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Life in Honduras - Part Two

By Don Moore

A slightly edited version of this article was originally published in the July, 1994 issue of The Journal of the North American Shortwave Association.


About a year ago I had an article here in the NASWA Journal reminiscing of my life in Santa Barbara, Honduras with the Peace Corps in the early 1980s. I've received a lot of nice comments on that article, so have decided to follow up with a second look behind the scenes at what life is really like in Central America.


Life in a place like Honduras can be very different in even the simplest of things. Take water for instance. In North America we have hot water heaters in our homes. We wash dishes in hot water and take hot showers. If you take a cold shower up here, you must have a good reason. In Honduras, only the well-off have hot water in their homes, and that never included me. In most Honduran homes, water comes in one temperture: cold. Just how cold it is depends on elevation: The higher the town, the higher in the mountains the water source is, and the colder the water. Santa Barbara is in a valley, so the water there wasn't very cold. On a really hot day, it could even feel good. Tegucigalpa, at 3,000 feet elevation, is another matter. In Tegucigalpa, I always took very quick showers.

Then there's Guatemala. I've been to places in Guatemala that are 5,000 feet or more above sea level. In places like that you don't take a cold shower unless you have a friend waiting nearby to revive you. Not fond of cold showers, I rarely took a shower while at home in Honduras. Instead, I kept a large bucket of water in my shower stall and each evening added a gallon of boiling water, warming the bucket to the comfort zone for a plastic dipper bath.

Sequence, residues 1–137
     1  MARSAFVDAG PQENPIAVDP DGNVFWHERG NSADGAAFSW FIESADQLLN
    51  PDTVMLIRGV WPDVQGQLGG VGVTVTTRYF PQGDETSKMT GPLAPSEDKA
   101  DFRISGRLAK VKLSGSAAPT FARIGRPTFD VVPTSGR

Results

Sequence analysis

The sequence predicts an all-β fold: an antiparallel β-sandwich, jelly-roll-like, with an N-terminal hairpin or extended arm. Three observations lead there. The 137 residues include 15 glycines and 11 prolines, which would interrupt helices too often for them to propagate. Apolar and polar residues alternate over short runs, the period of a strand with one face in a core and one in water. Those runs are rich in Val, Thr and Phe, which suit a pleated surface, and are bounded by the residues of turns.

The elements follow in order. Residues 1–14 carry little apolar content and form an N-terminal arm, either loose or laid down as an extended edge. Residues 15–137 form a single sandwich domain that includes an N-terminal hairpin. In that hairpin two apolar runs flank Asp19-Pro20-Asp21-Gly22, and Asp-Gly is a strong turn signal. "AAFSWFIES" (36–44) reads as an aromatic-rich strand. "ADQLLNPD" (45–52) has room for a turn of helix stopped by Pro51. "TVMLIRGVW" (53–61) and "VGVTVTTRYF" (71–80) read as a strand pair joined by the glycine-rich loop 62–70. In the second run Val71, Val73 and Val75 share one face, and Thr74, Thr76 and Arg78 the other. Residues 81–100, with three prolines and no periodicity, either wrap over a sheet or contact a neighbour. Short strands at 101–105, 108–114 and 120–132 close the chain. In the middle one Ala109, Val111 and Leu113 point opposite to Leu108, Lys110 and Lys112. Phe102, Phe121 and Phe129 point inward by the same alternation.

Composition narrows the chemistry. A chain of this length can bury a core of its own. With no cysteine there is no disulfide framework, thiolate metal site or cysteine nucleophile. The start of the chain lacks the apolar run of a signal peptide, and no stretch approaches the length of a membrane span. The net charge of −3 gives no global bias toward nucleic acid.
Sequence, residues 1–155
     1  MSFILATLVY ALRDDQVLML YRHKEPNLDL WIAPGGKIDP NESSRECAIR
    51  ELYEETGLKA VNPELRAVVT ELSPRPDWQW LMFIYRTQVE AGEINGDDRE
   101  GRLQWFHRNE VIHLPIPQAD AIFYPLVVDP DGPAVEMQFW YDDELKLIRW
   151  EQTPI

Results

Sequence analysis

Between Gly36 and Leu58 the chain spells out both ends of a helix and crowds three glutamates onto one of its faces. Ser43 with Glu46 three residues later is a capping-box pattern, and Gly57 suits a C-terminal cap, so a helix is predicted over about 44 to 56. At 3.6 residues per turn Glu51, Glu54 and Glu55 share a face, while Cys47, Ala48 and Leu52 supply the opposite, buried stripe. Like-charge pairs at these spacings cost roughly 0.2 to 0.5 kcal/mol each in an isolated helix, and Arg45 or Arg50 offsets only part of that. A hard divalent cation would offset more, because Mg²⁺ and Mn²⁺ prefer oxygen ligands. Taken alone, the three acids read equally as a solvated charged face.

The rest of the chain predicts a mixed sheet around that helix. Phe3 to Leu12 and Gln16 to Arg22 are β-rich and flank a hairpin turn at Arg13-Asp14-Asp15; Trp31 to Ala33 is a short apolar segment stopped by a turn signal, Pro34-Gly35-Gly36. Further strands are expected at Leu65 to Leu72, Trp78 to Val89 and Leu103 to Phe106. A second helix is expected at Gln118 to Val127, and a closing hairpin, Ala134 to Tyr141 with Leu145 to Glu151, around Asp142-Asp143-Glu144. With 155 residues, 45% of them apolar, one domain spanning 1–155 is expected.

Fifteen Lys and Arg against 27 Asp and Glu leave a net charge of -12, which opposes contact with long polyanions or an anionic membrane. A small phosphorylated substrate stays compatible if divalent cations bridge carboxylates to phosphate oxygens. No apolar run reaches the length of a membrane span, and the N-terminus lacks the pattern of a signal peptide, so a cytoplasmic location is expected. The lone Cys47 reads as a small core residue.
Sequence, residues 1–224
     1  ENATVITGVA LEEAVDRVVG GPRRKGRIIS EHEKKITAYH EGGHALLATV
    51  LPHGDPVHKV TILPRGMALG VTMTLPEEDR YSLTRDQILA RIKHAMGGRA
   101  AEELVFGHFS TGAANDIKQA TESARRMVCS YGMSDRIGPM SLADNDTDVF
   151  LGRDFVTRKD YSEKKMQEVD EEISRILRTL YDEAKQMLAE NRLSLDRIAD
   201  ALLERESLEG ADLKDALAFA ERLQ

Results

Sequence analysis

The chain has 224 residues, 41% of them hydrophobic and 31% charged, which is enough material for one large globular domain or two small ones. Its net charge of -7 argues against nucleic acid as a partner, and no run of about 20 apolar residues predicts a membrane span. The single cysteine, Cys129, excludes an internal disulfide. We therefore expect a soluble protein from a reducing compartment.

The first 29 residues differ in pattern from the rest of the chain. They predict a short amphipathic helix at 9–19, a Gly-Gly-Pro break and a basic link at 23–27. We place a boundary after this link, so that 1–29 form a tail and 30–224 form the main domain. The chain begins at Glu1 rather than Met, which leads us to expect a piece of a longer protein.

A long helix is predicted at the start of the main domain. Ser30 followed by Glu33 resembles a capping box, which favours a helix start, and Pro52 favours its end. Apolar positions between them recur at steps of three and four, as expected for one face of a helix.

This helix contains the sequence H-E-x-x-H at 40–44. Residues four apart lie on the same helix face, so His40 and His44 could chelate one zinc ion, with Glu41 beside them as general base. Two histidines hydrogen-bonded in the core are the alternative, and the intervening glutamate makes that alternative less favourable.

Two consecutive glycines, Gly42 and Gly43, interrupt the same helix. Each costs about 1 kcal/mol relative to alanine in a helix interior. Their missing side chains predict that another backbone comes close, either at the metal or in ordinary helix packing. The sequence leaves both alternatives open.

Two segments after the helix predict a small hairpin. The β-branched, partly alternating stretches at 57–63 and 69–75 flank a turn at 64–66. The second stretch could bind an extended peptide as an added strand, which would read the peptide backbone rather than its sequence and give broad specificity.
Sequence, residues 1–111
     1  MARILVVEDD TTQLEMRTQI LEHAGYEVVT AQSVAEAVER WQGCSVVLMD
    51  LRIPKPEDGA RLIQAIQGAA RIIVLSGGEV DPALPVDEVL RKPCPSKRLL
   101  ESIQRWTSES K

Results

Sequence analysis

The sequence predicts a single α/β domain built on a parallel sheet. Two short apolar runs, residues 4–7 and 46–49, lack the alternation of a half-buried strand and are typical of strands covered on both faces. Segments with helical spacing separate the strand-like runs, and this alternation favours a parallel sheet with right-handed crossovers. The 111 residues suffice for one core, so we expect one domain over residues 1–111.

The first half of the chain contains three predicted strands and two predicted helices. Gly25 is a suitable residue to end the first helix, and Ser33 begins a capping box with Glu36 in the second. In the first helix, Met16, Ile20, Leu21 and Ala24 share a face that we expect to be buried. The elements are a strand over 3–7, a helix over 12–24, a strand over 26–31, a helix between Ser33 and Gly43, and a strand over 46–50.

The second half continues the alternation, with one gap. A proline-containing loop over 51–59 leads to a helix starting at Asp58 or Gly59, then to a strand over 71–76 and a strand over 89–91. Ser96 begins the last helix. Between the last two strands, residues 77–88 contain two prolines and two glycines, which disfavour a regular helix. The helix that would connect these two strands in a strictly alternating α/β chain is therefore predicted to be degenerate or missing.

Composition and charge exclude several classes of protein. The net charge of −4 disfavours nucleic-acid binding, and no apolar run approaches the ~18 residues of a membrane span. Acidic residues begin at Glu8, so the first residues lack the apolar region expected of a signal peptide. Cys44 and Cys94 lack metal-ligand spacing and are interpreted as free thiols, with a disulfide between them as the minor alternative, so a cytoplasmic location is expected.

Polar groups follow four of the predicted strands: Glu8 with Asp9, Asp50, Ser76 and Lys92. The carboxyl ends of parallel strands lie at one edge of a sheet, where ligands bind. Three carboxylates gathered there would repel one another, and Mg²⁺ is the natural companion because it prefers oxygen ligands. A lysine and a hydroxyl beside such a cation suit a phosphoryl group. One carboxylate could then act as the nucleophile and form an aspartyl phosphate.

There was a relatively cheap local way to get a hot shower. In Central America for about a hundred dollars you can buy small electric water heaters to hook up to your showerhead. When the water is turned on, the heater comes on automatically and hot wires heat the water up as it passes by. The heating power is rather limited, and if the water is turned on full pressure it will hardly be heated at all. A truly hot shower is only possible if the water is kept at a trickle. The main reason that I never invested in one is that the thought of my shower water traveling through electricity a split second before hitting me made me more than a little nervous. Despite fears of electrocution, I did use these mini-instant water heaters several times while staying in cheap hotels. Better hotels, at eight or ten dollars a night, had real hot water from real hot water heaters. But Peace Corps volunteers don't get paid a lot and I was cheap. Flea-bag hotels with life- threatening showers were the norm when on the road.

Showers weren't the only problem concerning water. Keeping a supply of drinking water on hand was a daily chore. Since one never knew what nasty microscopic things were floating around in it, water for drinking had to be boiled for twenty minutes and then strained to remove the mineral precipitates. Any wonder that I drank so many soft drinks in Honduras that I hardly touch the stuff anymore?